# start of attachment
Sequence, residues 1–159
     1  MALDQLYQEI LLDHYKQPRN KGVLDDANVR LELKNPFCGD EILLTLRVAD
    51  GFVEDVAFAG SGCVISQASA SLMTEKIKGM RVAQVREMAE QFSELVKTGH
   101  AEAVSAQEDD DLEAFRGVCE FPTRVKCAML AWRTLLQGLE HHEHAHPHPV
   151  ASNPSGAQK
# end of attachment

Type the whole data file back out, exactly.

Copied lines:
Sequence, residues 1–159
     1  MALDQLYQEI LLDHYKQPRN KGVLDDANVR LELKNPFCGD EILLTLRVAD
    51  GFVEDVAFAG SGCVISQASA SLMTEKIKGM RVAQVREMAE QFSELVKTGH
   101  AEAVSAQEDD DLEAFRGVCE FPTRVKCAML AWRTLLQGLE HHEHAHPHPV
   151  ASNPSGAQK